On 'The Subject' of Planning's Public Interest

Files in This Item:
File Description SizeFormat 
Accepted_pre-publication_On_the_Subject_of_Plannings_Public_Interest.pdf236.32 kBAdobe PDFDownload
Title: On 'The Subject' of Planning's Public Interest
Authors: Lennon, Mick
Permanent link: http://hdl.handle.net/10197/7358
Date: 12-Jan-2016
Abstract: The 'public interest' has long been used as a concept to justify planning activity. However, attempts to specify how to determine the public interest have been so plagued with problems that the concept has been effectively abandoned by academia in recent years. This paper stresses the ongoing relevance of the public interest concept in planning, but does so in a way that reconceives what it entails. The paper argues that central to the concept of the public interest is how 'the subject' is conceived. It is contended that the currently prevalent collaborative and agonistic approaches to planning present a deficient understanding of the subject as one detached from the intersubjectively formed moral frameworks that provide understanding of context and supply bearing for action. The paper seeks to address this deficit by introducing the philosophy of Alasdair MacIntyre to a planning audience. MacIntyre’s communitarian perspective offers an alternative view of the subject by stressing how an evaluation of what constitutes the public interest is unavoidably undertaken from within a shared tradition of moral reasoning. Thus, from a MacIntyrean position, the public interest should not be assumed to simply constitute the end product of correct procedures. The paper highlights the importance of acknowledging how identifying the public interest demands situated ethical judgement. The concluding section of the paper details the dangers for planning theory and practice of failing to acknowledge this phenomenon.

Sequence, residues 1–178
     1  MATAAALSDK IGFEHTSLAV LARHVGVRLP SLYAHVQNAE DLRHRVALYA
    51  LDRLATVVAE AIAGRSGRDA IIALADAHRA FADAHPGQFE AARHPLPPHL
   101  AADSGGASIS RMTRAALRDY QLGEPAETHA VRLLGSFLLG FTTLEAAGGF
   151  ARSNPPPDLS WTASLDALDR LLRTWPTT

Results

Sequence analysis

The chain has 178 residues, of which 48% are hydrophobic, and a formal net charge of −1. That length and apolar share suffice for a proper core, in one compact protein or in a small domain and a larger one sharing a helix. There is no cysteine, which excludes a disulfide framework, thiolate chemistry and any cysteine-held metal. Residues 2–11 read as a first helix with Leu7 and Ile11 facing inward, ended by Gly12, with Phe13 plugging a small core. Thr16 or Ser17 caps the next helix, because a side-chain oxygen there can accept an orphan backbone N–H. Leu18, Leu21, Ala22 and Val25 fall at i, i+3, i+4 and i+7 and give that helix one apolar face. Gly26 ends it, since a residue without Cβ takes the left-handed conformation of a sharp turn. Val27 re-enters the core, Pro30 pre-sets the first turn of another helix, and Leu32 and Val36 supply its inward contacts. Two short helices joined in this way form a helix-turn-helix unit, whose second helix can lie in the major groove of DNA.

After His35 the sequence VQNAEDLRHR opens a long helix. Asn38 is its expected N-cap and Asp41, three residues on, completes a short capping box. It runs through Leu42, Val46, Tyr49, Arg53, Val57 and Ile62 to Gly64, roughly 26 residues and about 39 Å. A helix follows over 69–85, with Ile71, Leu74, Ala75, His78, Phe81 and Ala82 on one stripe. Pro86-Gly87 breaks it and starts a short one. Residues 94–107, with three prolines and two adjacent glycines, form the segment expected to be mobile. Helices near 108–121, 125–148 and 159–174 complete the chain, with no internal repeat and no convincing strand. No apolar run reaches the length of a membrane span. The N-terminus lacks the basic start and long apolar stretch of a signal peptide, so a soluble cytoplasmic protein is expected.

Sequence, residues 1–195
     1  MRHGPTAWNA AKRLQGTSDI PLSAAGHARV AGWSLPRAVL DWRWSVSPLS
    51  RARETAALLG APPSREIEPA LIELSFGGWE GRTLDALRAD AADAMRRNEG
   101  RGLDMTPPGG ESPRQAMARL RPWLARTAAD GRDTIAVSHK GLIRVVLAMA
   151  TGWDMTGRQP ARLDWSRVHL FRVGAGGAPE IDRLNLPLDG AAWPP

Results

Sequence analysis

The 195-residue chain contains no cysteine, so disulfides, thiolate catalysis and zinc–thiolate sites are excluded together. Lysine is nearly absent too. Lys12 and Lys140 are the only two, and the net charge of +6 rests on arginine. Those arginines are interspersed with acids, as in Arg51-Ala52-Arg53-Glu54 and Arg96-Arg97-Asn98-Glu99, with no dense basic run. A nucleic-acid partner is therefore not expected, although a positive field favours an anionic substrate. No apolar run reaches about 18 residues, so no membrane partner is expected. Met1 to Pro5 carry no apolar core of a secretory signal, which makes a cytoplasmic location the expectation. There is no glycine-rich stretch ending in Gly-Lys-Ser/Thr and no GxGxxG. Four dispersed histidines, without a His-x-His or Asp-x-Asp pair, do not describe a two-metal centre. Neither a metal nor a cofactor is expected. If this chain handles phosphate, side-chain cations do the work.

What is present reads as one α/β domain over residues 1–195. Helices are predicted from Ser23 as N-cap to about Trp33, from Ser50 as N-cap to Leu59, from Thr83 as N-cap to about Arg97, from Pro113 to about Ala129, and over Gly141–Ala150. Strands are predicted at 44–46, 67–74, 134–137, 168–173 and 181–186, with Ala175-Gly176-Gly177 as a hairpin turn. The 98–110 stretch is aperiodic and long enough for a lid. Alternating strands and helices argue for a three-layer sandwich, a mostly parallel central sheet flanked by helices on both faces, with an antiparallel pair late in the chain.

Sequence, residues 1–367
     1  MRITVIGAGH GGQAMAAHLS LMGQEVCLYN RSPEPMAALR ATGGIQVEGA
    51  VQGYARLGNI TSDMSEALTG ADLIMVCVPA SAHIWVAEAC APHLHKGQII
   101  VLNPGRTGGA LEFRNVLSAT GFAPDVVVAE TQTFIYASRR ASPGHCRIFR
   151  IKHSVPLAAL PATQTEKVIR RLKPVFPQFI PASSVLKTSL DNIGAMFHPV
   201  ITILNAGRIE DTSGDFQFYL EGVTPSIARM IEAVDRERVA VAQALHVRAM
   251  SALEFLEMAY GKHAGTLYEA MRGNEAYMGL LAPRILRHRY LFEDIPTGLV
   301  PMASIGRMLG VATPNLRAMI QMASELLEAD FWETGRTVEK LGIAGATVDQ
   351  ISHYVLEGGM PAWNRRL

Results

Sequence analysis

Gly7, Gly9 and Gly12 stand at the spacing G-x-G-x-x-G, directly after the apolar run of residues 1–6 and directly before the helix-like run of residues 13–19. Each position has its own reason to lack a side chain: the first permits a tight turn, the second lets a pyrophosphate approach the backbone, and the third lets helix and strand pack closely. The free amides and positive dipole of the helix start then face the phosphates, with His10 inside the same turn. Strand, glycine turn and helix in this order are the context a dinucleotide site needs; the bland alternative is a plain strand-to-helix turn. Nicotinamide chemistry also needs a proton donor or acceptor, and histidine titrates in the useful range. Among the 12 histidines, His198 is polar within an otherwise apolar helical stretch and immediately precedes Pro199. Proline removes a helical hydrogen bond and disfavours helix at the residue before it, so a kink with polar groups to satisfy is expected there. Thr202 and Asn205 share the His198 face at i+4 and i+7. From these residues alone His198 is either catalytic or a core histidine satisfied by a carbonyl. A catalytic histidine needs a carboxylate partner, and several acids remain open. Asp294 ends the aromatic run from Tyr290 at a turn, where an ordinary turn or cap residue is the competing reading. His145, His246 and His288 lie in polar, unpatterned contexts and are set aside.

Type of material: Journal Article
Publisher: Sage Publications
Keywords: Public interestThe SubjectPlanningMacIntyre
DOI: 10.1177/1473095215621773
Language: en
Status of Item: Peer reviewed
Appears in Collections:Architecture, Planning and Environmental Policy Research Collection

Show full item record

Citations 20

Last Week
Last month
checked on Aug 17, 2018

Google ScholarTM



This item is available under the Attribution-NonCommercial-NoDerivs 3.0 Ireland. No item may be reproduced for commercial purposes. For other possible restrictions on use please refer to the publisher's URL where this is made available, or to notes contained in the item itself. Other terms may apply.